Sound Money vs. Inflation: Unmasking Government Deceit - A Conversation with Jonathan Newman, PhD

May 16th, 2024 Comments

From the Mises Institute in Auburn, Alabama, executive director of the Sound Money Defense League, Jp Cortez, sat down with Dr. Jonathan Newman, Henry Hazlitt Research Fellow at the Mises Institute, to discuss the origins of money, inflation as a policy choice, and the role of government intervention in a monetary system.

Main Topics Discussed

  1. Introduction and Background
  2. Definition and Origin of Money
  3. Problems with the Barter System
  4. Inflation as a Policy Choice
  5. Austrian Economics Perspective on Money
  6. Qualities of Good and Bad Money
  7. Fiat Currency and Government Control
  8. Sound Money and Economic Growth
  9. Technological Advancements in Money
  10. Government Intervention in Monetary Systems
  11. Historical and Conceptual Overview of Inflation
  12. Cantillon Effects and Economic Implications
  13. Misattributions and Public Perception of Inflation
  14. Central Bank Digital Currencies (CBDCs)
  15. Impact on Society and Individual Behavior
  16. Hope and State-Level Resistance


  1. Introduction and Background of Participants:

    • Jp Cortez, Executive Director of The Sound Money Defense League, and Jonathan Newman, a Henry Hazlitt Research Fellow at the Mises Institute discuss economics from the Austrian perspective. Cortez credits Newman with significantly influencing his interest in sound money.
  2. Definition and Origin of Money:

    • Newman explains that money is a widely accepted medium of exchange, emerging from barter economies. He attributes the concept to Carl Menger, an Austrian economist, who described how money evolves to overcome the limitations of barter by solving the double coincidence of wants problem.
  3. Problems with the Barter System:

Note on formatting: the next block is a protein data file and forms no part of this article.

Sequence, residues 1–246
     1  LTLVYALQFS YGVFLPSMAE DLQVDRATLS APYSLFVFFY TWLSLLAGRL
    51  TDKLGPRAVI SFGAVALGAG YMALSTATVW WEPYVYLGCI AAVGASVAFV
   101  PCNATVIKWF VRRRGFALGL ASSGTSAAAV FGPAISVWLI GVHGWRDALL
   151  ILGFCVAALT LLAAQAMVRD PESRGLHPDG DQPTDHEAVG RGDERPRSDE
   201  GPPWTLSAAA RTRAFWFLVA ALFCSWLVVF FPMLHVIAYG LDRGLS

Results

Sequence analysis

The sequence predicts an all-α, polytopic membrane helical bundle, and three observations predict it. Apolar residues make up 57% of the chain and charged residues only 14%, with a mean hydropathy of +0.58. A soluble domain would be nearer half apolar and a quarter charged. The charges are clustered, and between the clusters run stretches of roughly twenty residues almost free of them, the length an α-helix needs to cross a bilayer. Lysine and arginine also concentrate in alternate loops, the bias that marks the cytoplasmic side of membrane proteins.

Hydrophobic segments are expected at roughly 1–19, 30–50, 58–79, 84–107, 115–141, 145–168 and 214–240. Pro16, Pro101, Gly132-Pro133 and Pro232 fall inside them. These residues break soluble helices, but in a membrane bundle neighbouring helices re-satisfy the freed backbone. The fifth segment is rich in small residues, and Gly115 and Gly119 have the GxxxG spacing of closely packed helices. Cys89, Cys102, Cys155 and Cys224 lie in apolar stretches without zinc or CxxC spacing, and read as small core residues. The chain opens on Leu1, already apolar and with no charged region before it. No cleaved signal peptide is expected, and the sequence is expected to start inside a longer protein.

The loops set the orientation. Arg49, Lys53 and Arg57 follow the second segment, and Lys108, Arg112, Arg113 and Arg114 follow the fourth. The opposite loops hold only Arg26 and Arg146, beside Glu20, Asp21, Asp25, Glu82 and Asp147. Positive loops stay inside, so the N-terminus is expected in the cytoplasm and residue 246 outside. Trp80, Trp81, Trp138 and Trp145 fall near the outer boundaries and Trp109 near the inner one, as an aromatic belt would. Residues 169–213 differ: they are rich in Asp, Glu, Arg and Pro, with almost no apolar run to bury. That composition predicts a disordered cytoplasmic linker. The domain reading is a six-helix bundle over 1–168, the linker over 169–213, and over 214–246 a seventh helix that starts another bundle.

• The barter system is inefficient due to the lack of a common denominator for value, making economic calculation difficult. Money emerged as a solution to these inefficiencies, enabling more complex economic activities and enhancing the division of labor.
  4. Inflation as a Policy Choice:

    • Cortez and Newman discuss inflation, emphasizing that it is a deliberate policy choice rather than an unavoidable economic phenomenon. They criticize it as immoral and a form of theft from savers and wage earners.
  5. Austrian Economics Perspective on Money:

    • Austrian economists view money as a market product, not a state creation. Newman argues against the state theory of money, suggesting that government-imposed currencies lack the historical price memory needed for effective economic calculation.
  6. Qualities of Good and Bad Money:

    • Cortez highlights that different monies have varying qualities, which affect their effectiveness. He criticizes the U.S. dollar, noting that people use it not because it is the best money but because they are trapped by regulations and taxes on alternatives like gold, silver, and Bitcoin.
  7. Fiat Currency and Government Control:

    • The discussion covers how fiat currency, particularly the U.S. dollar, is a result of government intervention. This system allows for deficit spending and inflation, which Newman and Cortez argue is harmful and a form of theft.
  8. Sound Money and Economic Growth:

    • Sound money, such as a gold standard, imposes constraints on government spending and promotes savings and capital accumulation. This, in turn, leads to economic growth and improved living standards, contrasting sharply with the effects of fiat currency systems.
  9. Technological Advancements in Money: